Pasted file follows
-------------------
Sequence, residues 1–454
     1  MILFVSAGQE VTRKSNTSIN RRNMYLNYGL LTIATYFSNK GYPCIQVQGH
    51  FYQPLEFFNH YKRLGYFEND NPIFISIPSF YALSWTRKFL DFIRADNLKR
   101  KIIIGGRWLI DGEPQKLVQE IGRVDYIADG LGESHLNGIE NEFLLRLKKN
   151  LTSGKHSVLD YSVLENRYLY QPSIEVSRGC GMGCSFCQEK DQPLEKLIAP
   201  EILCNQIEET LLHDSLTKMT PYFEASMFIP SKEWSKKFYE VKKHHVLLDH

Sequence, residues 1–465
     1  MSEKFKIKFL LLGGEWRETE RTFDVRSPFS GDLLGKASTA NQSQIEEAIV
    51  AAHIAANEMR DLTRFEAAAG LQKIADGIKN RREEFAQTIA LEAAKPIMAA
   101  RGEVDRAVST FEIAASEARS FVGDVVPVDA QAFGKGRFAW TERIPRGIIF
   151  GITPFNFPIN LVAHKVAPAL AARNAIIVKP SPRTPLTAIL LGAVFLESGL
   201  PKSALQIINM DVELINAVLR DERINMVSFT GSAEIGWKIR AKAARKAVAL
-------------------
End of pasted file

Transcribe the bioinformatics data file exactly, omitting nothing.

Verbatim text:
Sequence, residues 1–454
     1  MILFVSAGQE VTRKSNTSIN RRNMYLNYGL LTIATYFSNK GYPCIQVQGH
    51  FYQPLEFFNH YKRLGYFEND NPIFISIPSF YALSWTRKFL DFIRADNLKR
   101  KIIIGGRWLI DGEPQKLVQE IGRVDYIADG LGESHLNGIE NEFLLRLKKN
   151  LTSGKHSVLD YSVLENRYLY QPSIEVSRGC GMGCSFCQEK DQPLEKLIAP
   201  EILCNQIEET LLHDSLTKMT PYFEASMFIP SKEWSKKFYE VKKHHVLLDH

Sequence, residues 1–465
     1  MSEKFKIKFL LLGGEWRETE RTFDVRSPFS GDLLGKASTA NQSQIEEAIV
    51  AAHIAANEMR DLTRFEAAAG LQKIADGIKN RREEFAQTIA LEAAKPIMAA
   101  RGEVDRAVST FEIAASEARS FVGDVVPVDA QAFGKGRFAW TERIPRGIIF
   151  GITPFNFPIN LVAHKVAPAL AARNAIIVKP SPRTPLTAIL LGAVFLESGL
   201  PKSALQIINM DVELINAVLR DERINMVSFT GSAEIGWKIR AKAARKAVAL